Anger at cut in grants for young engineers

November 8, 1996

The Government's axing of a bursary scheme for promising engineering students has been slammed as "disgusting and thoughtless" by the Engineering Professors' Council and the Engineering Council, writes Kam Patel.

In an angry letter to Gillian Shephard, Education and Employment Secretary, council chairman John Spence voices "extreme dismay" that the Top Flight Bursary Scheme is to cease this year. The initiative provides a bursary of Pounds 500 a year for a number of high-flying students on engineering courses that are accredited by one of the professional institutions.

Professor Spence, based at Strathclyde University's mechanical engineering department, complained that the decision was taken without looking at its success. "In the case of individual universities with which I am familiar, the scheme has undoubtedly raised the profile of engineering in the eyes of potential students with the highest qualifications," he says. To have had a lasting impact, the scheme would need to have operated for a few more years.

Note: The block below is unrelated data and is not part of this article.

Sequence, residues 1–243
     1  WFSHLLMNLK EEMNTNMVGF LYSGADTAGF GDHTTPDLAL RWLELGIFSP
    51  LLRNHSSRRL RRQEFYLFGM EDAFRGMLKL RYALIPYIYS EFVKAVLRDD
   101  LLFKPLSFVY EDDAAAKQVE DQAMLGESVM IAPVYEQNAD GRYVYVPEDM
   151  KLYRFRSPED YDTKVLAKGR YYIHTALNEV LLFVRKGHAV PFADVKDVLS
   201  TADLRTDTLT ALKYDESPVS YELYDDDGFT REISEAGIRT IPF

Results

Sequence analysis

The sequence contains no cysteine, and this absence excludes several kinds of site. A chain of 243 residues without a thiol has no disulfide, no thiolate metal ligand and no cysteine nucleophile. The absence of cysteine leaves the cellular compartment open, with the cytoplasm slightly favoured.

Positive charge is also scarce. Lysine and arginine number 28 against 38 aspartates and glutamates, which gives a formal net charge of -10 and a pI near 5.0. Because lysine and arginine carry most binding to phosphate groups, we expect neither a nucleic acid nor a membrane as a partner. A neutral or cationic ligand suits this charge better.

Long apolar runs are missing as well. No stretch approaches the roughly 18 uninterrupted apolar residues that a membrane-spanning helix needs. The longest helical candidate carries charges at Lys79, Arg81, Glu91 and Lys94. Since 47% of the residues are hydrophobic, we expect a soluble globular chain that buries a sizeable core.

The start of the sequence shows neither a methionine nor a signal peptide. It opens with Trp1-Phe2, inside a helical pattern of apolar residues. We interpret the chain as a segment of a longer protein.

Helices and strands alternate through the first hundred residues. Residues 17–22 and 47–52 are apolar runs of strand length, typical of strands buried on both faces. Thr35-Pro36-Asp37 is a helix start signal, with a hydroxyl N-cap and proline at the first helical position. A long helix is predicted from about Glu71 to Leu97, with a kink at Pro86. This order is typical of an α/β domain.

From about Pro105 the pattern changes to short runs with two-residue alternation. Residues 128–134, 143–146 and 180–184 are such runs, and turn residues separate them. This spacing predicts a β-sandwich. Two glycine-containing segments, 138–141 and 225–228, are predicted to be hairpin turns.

Applicants for admission in 1997 will be "extremely disappointed" to learn of the scheme's termination. "This is a most unfortunate message to send to young people at a time when recruitment to engineering is becoming very difficult."

Robin Bond of the Engineering Council said he was "totally disgusted" by the decision. "It is contrary to what is in the best interests of the country. The scheme succeeded in wooing bright young people away from more fashionable subjects such as communication studies and leisure and tourism whose contribution to wealth creation is dubious."

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